2D Fire

Hi all,

I’ve been trying to extend Kurt Kaminski’s amazing 2D fluid example:

to behave/look more like fire, by implementing a few concepts from Houdini’s Pyro Solver:

  • Disturbance
  • Turbulence
  • Cooling rate
  • Drag

Disturbance/Turbulence ended up being a collection of finely tuned noises, masked by the speed of the surrounding velocity field to add back onto the velocities. This creates lots of lovely break-up and flow patterns - there’s plenty of opportunity to get creative here.

Cooling rate and drag keeps the sim under control, after having injected a lot of temperature to add more dynamic interest. I’ve also added another image input to the buoyancy operator, to allow for varying buoyancy across the image, which adds additional swirling motion.

For the fire-look, I crunched the levels of the temperature output to give me as much contrast as possible and then ran the result through a series of modular filters. You want to apply a linear colour-space workflow here when dealing with very high luma values. Finally I’ve used tone-mapping to get the result back into a sRGB-friendly colour-space and tweaked to taste, until I recovered a pleasing looking range.

After having played with a bunch of simple shapes as density/temperature input, I’ve explored driving the whole thing with a video, by running an edge detection filter to extract contrast areas from the video:

At that stage things are really starting to come alive :smiley:

The input temperature/density values are very touchy and dependent on the input. For the sake of sharing something more sane, I’ve cleaned up my mess and tried to prepare an interactive example which turned into its own side-project:

Move the mouse around to control where to emit from (and advect things, it’ll pick up the mouse’s velocity), the fuel will spread and propagate using a modified dilation operator. Have a play with the parms of the ‘FUEL_SOURCE’ component:

  • Fuel - amount of fuel injected into the sim
  • Spread - amount/speed of propagation
  • Cooling Rate - globally calming things down
  • Cooling Noise - patchy reduction of emission areas

Sorry, this turned into way more text than I hoped :stuck_out_tongue:
Some stuff in the example I’ve borrowed/extended from other sources, I hope I’ve credited everyone accordingly - let me know if I forgot anything.
Huge thanks to Kurt again for sharing his original example! :smiley:

Lastly, this project is a bit of a beast - I’m getting around 50fps@1280x720 on my GTX1080, any ideas for optimisation are greatly appreciated :slight_smile:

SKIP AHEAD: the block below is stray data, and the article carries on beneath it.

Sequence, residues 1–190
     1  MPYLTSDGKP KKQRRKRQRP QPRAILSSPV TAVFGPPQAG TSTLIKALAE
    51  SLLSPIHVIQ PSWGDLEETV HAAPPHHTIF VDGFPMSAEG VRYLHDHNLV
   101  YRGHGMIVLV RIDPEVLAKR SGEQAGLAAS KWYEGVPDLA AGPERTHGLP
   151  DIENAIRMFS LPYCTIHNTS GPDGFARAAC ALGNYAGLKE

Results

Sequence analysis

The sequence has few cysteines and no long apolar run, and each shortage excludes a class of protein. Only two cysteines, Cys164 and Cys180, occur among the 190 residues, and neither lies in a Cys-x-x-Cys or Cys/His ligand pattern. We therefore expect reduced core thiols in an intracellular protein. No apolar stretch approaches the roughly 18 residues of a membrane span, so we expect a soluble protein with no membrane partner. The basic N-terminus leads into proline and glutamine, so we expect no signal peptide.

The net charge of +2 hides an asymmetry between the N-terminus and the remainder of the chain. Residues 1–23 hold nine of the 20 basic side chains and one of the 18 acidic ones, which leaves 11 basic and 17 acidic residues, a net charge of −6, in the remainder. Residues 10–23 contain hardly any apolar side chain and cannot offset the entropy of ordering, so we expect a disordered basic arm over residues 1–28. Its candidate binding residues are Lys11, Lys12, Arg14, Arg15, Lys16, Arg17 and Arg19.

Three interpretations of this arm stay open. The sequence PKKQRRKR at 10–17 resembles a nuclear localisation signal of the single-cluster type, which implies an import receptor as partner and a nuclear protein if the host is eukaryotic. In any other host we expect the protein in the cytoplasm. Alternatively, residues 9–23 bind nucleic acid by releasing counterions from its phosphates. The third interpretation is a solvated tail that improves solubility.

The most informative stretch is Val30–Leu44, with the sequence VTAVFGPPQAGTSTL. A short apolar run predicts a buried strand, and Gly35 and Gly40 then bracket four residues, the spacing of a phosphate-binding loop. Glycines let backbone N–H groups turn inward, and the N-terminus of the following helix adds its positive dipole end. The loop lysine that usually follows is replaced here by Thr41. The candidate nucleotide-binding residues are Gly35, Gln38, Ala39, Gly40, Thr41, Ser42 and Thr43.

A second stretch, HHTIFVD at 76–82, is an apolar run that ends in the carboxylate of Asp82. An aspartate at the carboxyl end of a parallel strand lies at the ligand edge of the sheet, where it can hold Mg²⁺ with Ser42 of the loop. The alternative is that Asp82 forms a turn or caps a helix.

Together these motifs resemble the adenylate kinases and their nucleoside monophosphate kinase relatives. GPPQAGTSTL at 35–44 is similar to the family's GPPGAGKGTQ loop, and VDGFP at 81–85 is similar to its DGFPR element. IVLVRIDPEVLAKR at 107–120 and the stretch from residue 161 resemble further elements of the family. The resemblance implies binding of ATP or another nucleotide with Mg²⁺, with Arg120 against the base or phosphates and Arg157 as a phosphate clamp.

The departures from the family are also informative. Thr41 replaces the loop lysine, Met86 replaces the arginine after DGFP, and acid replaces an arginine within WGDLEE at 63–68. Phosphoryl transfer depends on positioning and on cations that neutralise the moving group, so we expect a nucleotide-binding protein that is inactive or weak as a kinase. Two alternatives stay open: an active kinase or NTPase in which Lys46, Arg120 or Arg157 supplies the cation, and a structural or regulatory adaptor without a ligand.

fire2D_01.toe (2.02 MB)



Found a few things worth optimizing:

This op is costing like 12ms for some reason. Replaced with a fit TOP doing the same thing. The fit TOP costs about 0.01 ms in comparison.

Remove the vector array ref in the GLSL TOP. Those arrays can be real handy, but they can also be expensive. The TOP was cooking at about 12ms, just removing the array refs from the TOP (it’s already commented out in the shader) dropped the cost on this TOP down to 0.02ms.

50 passes weighs in at 2ms on my gtx 980, knocking this down to 1 pass cuts the cpu cost down to 0.1ms. So far this change is what’s made for the biggest speed improvement I’ve seen.

Starting out I was seeing 25 fps performance on a 980, after the above changes I’m up to 45.

Wow! :astonished: This is so cool! I was impressed with the video you posted a few months ago on Vimeo, and am very happy/grateful that you posted an example file.
I’m having a lot of fun flailing the mouse around and will probably attach fuel source to Kinect hand tracking next… or maybe HTC Vive controller render-pick? :nerd:
Thanks for sharing!

Thanks guys, glad you find it useful :slight_smile:

Appreciate the optimization suggestions, nice find!
I keep forgetting about the fit TOP…thanks for the reminder. Turns out, the ‘Quality Resize’ option on the Resolution TOP slows things down a fair bit alone.

True, the Jacobi iterations is in fact the slowest part of the whole thing, but it also makes the fluid look more interesting/swirly by doing a more ‘accurate’ pressure solve (at least that’s my understanding). I guess it’s a good trade-off, seeing how it still produces nice results at much lower interations with everything else that’s going on.

Yes, hooking up a Kinect would be so much fun! I’d love to see what you come up with :slight_smile:

Working on the FX for an environmental ballet March 2018 in LA. This is perfect for the fire section for attacking to a 1520 Kinect. Luminario Ballet of Los Angeles. Thanks x1000

That sounds awesome!
You’re very welcome, I’d love to see a recording of the show :slight_smile:
Good luck with the preparation.